It goes without saying that I have experienced being treated like an outsider.
Bothered by this, and gathering our power together, our consciences would not allow us to overlook this tragic story as if we were looking across a river. We are aware that loving your country does not only mean taking up arms and fighting in a war. Against illegal, low-quality English instructors who prevent our land from learning English and against English Spectrum, who debased and degraded the image of Korean women to that of one country's filthy national brand -- this is our strong fight!hmm...
It goes without saying that I have experienced being treated like an outsider.
It comes in various ways:
- There was a recent quarrel where myself and the other foreign worker became fed up of the overly use of Korean in our office. We get it, they are Korean and communicating in Korean is easier than English. But often we hear our names and then laughing or sighing afterward. We wonder what they are talking about and it leads to paranoia, which ends up festering. We tried to make the point that when we hear them use our names while speaking Korean it makes us feel insecure. That they should think about how it makes us feel to speak Korean most of the time in the office with our presence. They didn't get it. They thought we were overreacting and being silly. They told us that they can't help but speak Korean. But they didn't get that they should include us in their group and when they always speak Korean about work or other issues they leave us out. Leaving us out makes us truly feel like the "other".
- In a nutshell this is an example of how at work you can often feel like the "other" and outsider due to that your Korean collegues don't see you as truly part of their group.
- There is the staring. The pointing from children.
- Parents make their children speak to the foreigner.
- Whispering about the foreigner.
- Note that I have never really had a terrible experience outside the house here in Korea. I have gotten use to the staring and forget the reason why. The hardest part seems to be riding the subway when you are in a tight space and anything could happen. I want to note that other foreigners (especially women) have had unsettling experiences.
- "Talk with Beauties" is a show that puts up beautified foreign women and talks with them in Korean. The conversations are scripted and most of what they talk about is junk. This kind of show takes the foreign woman and makes them exotic. Something that is really not helpful to our street image.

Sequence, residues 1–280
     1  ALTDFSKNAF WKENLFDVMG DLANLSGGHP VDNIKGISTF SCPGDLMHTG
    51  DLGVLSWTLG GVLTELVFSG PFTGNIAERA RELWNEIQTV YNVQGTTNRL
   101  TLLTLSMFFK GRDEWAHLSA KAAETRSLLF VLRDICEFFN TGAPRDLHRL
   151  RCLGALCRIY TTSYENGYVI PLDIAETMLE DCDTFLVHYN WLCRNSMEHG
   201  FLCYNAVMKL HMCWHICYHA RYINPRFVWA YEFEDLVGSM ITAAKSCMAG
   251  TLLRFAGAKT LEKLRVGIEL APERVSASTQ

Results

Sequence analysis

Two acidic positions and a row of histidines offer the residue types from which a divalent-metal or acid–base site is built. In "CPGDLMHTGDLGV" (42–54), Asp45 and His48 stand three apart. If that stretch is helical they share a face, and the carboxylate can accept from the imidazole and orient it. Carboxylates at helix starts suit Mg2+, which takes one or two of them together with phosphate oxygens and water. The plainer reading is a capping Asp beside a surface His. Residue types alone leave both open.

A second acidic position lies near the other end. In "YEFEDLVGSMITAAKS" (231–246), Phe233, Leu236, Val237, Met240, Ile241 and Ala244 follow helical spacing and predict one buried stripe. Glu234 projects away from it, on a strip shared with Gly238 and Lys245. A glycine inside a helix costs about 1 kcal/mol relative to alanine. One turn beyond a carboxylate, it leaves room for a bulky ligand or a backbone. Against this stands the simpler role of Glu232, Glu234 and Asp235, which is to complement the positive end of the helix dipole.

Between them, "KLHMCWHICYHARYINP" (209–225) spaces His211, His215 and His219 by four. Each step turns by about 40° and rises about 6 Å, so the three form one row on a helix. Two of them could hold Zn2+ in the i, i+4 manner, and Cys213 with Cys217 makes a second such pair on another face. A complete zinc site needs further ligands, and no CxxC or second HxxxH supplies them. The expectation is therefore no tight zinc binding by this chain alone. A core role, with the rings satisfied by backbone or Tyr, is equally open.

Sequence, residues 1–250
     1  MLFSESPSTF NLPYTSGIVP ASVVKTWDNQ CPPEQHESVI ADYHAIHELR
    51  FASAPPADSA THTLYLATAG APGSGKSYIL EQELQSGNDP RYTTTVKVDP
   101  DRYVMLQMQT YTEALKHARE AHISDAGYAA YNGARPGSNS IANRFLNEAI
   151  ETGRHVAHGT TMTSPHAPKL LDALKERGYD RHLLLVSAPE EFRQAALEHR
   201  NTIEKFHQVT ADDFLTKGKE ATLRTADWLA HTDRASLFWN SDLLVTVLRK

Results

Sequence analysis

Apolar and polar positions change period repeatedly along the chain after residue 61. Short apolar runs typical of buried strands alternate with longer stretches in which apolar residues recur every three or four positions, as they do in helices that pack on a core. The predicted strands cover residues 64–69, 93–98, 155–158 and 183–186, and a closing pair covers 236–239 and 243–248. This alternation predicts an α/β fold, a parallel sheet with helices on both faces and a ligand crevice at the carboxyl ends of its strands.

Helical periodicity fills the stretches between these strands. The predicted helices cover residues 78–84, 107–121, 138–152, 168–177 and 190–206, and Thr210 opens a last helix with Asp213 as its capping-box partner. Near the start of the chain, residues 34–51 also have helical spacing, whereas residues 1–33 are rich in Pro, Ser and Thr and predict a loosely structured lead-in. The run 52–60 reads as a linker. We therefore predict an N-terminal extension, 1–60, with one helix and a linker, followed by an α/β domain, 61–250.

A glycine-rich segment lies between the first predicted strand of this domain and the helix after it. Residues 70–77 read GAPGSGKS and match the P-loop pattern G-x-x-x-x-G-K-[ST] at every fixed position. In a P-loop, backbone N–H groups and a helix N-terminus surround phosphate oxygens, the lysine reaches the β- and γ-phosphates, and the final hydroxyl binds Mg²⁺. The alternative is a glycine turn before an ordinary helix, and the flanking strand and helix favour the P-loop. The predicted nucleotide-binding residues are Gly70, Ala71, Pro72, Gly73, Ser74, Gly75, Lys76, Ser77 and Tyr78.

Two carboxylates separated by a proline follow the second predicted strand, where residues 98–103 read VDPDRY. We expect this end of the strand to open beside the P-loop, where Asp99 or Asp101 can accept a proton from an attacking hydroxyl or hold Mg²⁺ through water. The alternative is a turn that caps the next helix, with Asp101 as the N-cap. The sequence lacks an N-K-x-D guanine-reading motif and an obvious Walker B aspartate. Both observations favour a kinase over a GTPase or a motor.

- Contrastingly there are many shows that show the foreign (especially white) man as a sexual predator. Because of this I have come across many Korean women (young and old) that believe foreign men just come to their country to do bad things and be a sexual predator.
All of these are examples of how Korean people are confronting and dealing with the foreigners around them.
Conclusion and Reflection:
I am curious to know how Koreans embrace others from different cultural backgrounds. For now I believe that I am sure it is of no real big deal over there. That they coexist in a peaceful and sometimes hostile way. But I can't help but think that underneath the surface that some people may still feel some kind of historical and cultural opinion towards an outsider.
Those were my final thoughts from my original post on the subject. I believe I was definitely wearing rose colored glasses. Certainly the Nationalist feeling is strong here and reflects how Korean people see themselves amongst the other Asian nations.
Yet I think it is important to remember that there are millions of Koreans on this peninsula. Young and old I am sure you can find differing opinions than what was presented here.
In the end I keep in mind a philosophy that I use to keep myself sane while living here. That is: It is their stage and if they want to act and present themselves in a certain way in front of me than that is their choice. I am just the observer. And...the critic.
*I hope you enjoyed this look back on my old post and that I showed how over time one's opinion can develop and change. It has been a while since I brought up politics like this and I hope I wasn't too broad. Thanks!